In memories of childhood, we press our nose to the pane, looking in.
“The day I Left My Son In The Car” is a self-exploratory article that details Kim Brooks’s experience with the juvenile court system. Brooks, the author, explains how the decision to leave her 6-year-old child in the car for five minutes led her through two years of involvement in the court system after being accused of contributing to the delinquency of a minor (i.e., she left the kid in need of services). If this was a blog on parenting, there would be plenty to discuss from Brooks’s analysis. For example, the fact that her involvement with the legal system only worsened Brooks’s parenting anxieties, not to mention the idea of parenting as a “competitive sport”:
I never leave my kids in a car now when I run into a store, and so I know nothing bad will ever happen to them in a non-moving vehicle. I suppose every little peace of mind helps. Still, I worry. … I worry what the other parents will think if I hang back on the bench while my kids are playing at the park, reading a book instead of hovering over them… And so I accompany when I probably don’t need to. I supervise and hover and interfere. And at least half of the other parents are probably doing it for exactly the same reason. This is America and parenting is now a competitive sport, just like everything else.
But since my goal every Monday is not to talk about parenting, but about the ways in which people frame children and childhood, I will leave that to others. Instead, I would like to focus on a different part of Brooks’ writing. Namely, her reflexions about what cars (or non-moving vehicles) meant to her during childhood. Certainly, many kids who grew up in car-owning households would agree with her that, in some way, the car was an extension of the home:
My friends and I sometimes play this game, the did-our-parents-really-let-us-do-that game. We recall bike ramps, model rockets, videotaping ourselves setting toys on fire. Many remember taking off on bikes alone, playing in the woods for hours without adult supervision, crawling through storm drains to follow creek beds, latchkey afternoons, monkey bars installed over slabs of concrete. My husband recalls forts built in the trunk of the station wagon on long road trips. I remember standing up in the back of my father’s LeBaron convertible while he cruised around the neighborhood, or spending an hour lying low on the seat of our station wagon, feet against the window, daydreaming or reading in crowded parking lots while my mother got groceries or ran other boring errands. One friend tells me how, from 7-Elevens, to Kroger, to various banks, schools and offices, he was left alone in the front passenger seat of a convertible Mustang for a good portion of his childhood, primarily because he was shy and wanted to not have to meet new people. For people of our generation, living a suburban childhood, the car was central to our lives, not simply a mode of transportation but in many ways, an extension of our home.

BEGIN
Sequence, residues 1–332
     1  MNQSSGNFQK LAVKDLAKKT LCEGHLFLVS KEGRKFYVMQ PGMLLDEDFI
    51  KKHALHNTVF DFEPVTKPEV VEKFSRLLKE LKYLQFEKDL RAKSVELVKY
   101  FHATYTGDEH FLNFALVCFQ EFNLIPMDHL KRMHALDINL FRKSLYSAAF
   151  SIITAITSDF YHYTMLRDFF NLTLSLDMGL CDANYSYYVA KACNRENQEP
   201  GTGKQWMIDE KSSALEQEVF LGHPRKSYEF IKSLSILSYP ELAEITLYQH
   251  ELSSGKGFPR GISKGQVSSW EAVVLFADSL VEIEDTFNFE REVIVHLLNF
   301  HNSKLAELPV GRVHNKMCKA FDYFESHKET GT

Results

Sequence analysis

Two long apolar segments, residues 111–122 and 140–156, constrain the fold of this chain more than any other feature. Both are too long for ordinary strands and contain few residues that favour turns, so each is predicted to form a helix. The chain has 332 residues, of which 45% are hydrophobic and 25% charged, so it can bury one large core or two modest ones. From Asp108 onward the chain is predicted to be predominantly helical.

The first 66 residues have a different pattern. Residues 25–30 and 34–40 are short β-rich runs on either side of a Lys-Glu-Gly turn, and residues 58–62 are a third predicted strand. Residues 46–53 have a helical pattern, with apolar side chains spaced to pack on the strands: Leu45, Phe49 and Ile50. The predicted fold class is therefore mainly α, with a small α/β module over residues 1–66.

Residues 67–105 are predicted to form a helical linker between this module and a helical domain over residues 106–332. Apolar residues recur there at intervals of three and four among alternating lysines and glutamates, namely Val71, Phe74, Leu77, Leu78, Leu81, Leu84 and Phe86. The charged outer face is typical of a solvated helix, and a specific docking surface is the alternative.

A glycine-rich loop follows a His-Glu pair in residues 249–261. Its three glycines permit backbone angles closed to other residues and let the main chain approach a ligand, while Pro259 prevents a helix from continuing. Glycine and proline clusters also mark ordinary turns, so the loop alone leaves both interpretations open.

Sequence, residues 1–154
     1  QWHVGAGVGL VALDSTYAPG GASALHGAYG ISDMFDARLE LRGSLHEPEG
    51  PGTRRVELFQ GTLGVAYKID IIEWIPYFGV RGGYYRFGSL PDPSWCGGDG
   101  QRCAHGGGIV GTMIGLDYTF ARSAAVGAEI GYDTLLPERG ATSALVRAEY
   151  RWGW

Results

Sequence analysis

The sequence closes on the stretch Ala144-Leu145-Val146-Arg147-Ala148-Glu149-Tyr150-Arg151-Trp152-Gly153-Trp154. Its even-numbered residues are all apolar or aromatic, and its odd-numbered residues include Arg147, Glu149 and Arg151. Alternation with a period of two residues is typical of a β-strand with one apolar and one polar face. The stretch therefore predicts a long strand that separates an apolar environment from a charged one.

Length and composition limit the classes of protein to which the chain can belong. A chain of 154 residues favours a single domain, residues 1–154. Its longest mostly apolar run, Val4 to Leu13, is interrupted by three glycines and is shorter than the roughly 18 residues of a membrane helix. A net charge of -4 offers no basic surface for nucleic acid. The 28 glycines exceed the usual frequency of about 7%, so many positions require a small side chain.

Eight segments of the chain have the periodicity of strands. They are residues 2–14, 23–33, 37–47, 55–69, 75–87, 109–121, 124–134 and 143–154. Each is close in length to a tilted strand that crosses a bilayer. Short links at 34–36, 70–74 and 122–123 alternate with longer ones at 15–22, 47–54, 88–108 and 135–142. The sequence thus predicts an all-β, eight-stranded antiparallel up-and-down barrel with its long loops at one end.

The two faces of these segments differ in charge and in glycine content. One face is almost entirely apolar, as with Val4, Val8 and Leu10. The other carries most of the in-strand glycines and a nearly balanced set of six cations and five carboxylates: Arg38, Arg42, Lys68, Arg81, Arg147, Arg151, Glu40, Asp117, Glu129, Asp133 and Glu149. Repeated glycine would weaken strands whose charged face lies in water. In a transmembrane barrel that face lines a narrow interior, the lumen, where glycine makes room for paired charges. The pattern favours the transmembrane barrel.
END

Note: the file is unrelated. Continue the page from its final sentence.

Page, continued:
Brooks’s memories made me think about my own childhood, and about the many days I spent in cars, hiding in the “secret bed” my dad made behind the passenger seat in the back of a pick-up truck, or riding beneath the rear window of a small Volkswagen. There certainly were some safety concerns, but doing these things allowed me to mark these spaces as my own. When my parents sold both vehicles, a part of home and a part of childhood went away with them. And, if anybody would have asked us back then, we would have argued that the car was, indeed, our home, a part of our family life. We would admire the world from within. Seeing the car as an extension of the home suggests a placement of the car within the realm of the private, free from public scrutiny. So what happens when this seemingly private space, the extension of home, becomes public?
In the months of fear and shame that followed my being charged with contributing to the delinquency of a minor, I continuously analyzed my own mind-set that day, trying to understand how I did something that both a bystander and a police officer considered criminally dangerous, and the best I could come up with was the theory that I’d been lulled by nostalgia into a false sense of security. So many of my childhood memories involved unsupervised time in cars in parking lots just like the one where I’d left my son. I wondered in the days after it happened if being back home, out of the city, had given me a sort of momentary amnesia. I’d forgotten that more than 25 years had passed since those unsupervised childhood hours. And a lot could change in 25 years, I thought.
Brooks’s experience remind us about the fine line between public and private. It wouldn’t surprise me if, looking back through the window pane, we discovered a part of home we had forgotten about.
—Alexia Raynal, Zeteo Managing Editor
To read more posts in the fields of children and childhood by Alexia Raynal, visit her ZiR page here.
Featured images by Tim Walker
Full phrase by Robert Brault: “In childhood, we press our nose to the pane, looking out. In memories of childhood, we press our nose to the pane, looking in.” (emphasis mine)